Of course, we only get back pay when the government reopens, and bills are coming due now. So we’ll get the money eventually, but maybe not in time to pay some bills.  If an employ is living paycheck to paycheck, the promise of a catch up payment, eventually, doesn’t actually pay the light bill. But it’s some comfort. Also, government contractors are not covered by that legislation, so they are still suffering significant loss of income with no guarantee that they will ever recover it. So the legislation that guarantees back pay is a small step in the right direction.
Mind if I wax philosophical?  Difficult times like these can be clarifying events. You re-examine your approach to life:
I should spend my money more wisely.
I should care for my mental and physical health better than I have been doing.
What’s my life coming to, anyway?
Stuff worth thinking about from time to time, but something people rarely do. If there is any sliver lining to the shutdown, personally anyway, perhaps it is that it has caused me to re-examine my life and how I’ve been approaching certain aspects of it so far.
Here’s an important to my kiddo, but not life altering example:
His 8th birthday is coming up in a few weeks. He’s the kind of guy who announces the theme of his birthday party somewhere between a day and a week after he has had the prior birthday party.
So we have known that we would have a Pokémon themed party for many moons.
Initially, I had planned to have special Pokéball cookies and cupcakes made. And I was going to cater the rest of the food in.
But with the shutdown, I’ve thought a lot about the cost/benefit of that kind of set up. Specifically, how much will the kids really care about that stuff. Does it need to be that fancy and expensive for the kids to have a good time? Who am I doing this for anyway?  So I’ve rethought the food. The kids don’t care. They just want sugar. The form of it and dollar sign on it matters little.
It’s not just birthday parties I’ve been rethinking, but a lot of things. The birthday party is just the easiest example, and the one I’m willing to share publicly.
Anyway, moments of extremis can be clarifying. I am glad of the clarity, if not the stress, that has come from this moment.
Now, off to learn more about therapods and birds. Happy Thursday, folks.

Wednesday, January 16, 2019

The Shutdown Diary: The-Historically-Long-Isn’t-It-Silly-To-Still-Be-Calling-It-The-Yuletide-Edition Edition, Day 26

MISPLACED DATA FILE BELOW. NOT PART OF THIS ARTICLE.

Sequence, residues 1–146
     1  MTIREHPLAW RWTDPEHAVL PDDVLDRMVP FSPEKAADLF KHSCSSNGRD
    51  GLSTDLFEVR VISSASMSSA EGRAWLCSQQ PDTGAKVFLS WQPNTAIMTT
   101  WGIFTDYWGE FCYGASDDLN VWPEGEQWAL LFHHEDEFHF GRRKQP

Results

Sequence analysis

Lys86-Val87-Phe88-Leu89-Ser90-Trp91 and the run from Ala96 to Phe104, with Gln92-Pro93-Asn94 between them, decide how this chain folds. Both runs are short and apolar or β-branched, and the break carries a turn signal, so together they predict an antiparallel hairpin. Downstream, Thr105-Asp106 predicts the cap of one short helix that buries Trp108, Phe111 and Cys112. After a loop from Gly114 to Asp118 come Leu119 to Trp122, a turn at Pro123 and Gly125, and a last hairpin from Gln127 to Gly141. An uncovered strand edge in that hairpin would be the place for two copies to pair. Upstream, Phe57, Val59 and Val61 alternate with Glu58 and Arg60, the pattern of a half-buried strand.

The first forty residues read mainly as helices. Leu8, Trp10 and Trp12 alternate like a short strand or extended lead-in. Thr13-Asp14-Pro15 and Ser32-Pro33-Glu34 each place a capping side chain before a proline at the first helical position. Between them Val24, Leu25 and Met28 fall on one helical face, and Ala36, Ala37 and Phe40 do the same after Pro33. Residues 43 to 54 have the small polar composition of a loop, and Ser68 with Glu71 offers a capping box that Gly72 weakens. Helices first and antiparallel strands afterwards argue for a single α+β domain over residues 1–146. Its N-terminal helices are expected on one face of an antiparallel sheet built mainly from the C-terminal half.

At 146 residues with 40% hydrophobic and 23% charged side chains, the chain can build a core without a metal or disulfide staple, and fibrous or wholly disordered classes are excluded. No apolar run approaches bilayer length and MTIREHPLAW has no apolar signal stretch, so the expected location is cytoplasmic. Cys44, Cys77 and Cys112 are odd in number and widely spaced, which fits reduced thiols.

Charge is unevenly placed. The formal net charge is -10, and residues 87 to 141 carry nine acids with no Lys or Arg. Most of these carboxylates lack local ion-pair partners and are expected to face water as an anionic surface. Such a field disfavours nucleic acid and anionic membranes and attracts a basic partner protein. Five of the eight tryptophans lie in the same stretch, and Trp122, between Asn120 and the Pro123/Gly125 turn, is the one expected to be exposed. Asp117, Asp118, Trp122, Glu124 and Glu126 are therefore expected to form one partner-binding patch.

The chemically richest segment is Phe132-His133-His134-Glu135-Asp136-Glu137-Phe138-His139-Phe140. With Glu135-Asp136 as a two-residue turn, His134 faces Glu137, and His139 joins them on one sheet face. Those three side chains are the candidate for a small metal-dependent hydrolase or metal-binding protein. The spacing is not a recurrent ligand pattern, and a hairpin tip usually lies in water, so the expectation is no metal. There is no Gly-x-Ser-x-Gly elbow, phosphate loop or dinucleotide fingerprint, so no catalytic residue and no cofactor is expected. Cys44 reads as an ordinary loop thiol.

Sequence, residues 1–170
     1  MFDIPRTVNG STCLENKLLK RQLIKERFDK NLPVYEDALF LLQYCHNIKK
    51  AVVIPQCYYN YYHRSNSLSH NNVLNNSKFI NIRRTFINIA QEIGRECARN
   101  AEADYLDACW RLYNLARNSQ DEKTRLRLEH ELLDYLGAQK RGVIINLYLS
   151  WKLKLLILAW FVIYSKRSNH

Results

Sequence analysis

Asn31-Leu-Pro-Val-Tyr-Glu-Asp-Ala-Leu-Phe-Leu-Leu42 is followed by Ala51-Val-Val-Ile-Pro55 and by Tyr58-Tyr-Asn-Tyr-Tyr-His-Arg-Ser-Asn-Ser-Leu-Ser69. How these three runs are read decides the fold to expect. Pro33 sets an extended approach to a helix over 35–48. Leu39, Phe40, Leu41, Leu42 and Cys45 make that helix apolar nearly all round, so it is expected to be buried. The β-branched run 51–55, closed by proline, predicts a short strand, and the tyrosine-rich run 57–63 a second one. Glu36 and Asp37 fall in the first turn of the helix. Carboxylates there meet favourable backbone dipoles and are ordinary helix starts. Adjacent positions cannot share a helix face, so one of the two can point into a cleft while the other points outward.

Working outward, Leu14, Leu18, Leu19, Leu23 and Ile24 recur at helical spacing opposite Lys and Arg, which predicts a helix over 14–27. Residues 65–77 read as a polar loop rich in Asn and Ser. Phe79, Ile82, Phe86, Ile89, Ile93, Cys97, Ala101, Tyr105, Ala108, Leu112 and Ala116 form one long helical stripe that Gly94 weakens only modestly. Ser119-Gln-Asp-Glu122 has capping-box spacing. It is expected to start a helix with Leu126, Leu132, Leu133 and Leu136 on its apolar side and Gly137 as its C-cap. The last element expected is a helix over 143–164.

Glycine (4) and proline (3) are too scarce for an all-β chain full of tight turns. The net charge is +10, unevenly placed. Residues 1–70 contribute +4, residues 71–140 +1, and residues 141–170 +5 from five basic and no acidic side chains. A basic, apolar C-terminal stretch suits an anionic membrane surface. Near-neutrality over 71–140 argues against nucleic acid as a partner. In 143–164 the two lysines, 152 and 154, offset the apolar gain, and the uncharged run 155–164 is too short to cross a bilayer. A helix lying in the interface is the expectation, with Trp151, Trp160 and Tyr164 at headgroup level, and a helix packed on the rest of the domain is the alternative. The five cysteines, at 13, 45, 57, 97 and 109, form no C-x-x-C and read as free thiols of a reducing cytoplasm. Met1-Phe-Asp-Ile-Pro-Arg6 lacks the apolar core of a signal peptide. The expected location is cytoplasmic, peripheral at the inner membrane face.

Disclaimer: The thoughts and feelings expressed in this post are solely the author's and do not represent the official position of any government agency.
Every morning when I wake up, I feel a little disoriented. Then nervous. The low-level anxiety sets in.  I have suffered with anxiety before.  I have taken medication for it in the past, but for the past 15 years, I’ve been able to manage it without medication. The current state of affairs with my job and the government exacerbates it. You know how you feel when you’re nervous about something?  Maybe you have given a speech and felt nervous before it or you have played a recital and felt nervous about it. This is how anxiety feels, but you feel it most of the time. Exercise helps me a lot, which is why I will definitely take my dog on a long walk today.
But, of course, everyone from shuttered agencies is feeling anxious. We just want to go back to work so we can pay our bills and feed our families.
Imagine being one of those IRS workers being called back in today with no pay in order to process your tax returns and send out your refund checks. Imagine what a slap in your face that would be.  "Please come in to work for free so that you can send out money to other people." Crimeny.
And, by the way, if you are deemed essential and told to come in, and then you refuse to go in because you’re not being paid, you can be disciplined and, possibly, lose your job. You’re being asked to incur the costs of a commute and daycare, maybe, to do this job, but you aren’t getting any money to actually pay for that commute or the daycare. Honestly.
So after my walk with my dog today, then what?  I think I will get on Shutterfly and work on my family’s 2018 year in review photo album. I can’t actually buy the album once completed, until we are back to work (and there’s a 50% off coupon, of course, because I’m not crazy), but I can work on it.
Oh, I also started an online class on Coursera, Paleontology: Theropod Dinosaurs and the Origin of Birds, out of the University of Alberta. (Theropods = T Rexes and similar.) So l’ll work on the next lesson on that. Takes about 2 hours to do one module.  If you like dinosaurs and have the time, I highly recommend the University of Alberta paleontology classes on Coursera. They’re great.
I’ll probably also look into what we need to do to collect unemployment. With both of us furloughed, and it now pushing toward a month with no pay, looks like we need it.
I went to Wal-Mart this morning and bought a few groceries. Stuff really is cheaper there. But the lines to check out can be frustrating. Not at 9:30 am on a Wednesday, though. We should shop there more often. They even have lots of organic stuff. So you can avoid chemicals in your food and save money too. Maybe not save time.  But money.
And...well, because I can’t figure out how to close this entry, I’ll just share a picture of my dog. Isn’t he cute?

Tuesday, January 15, 2019

The Shutdown Diary: The-Historically-Long-Isn’t-It-Silly-To-Still-Be-Calling-It-The-Yuletide-Edition Edition, Day 25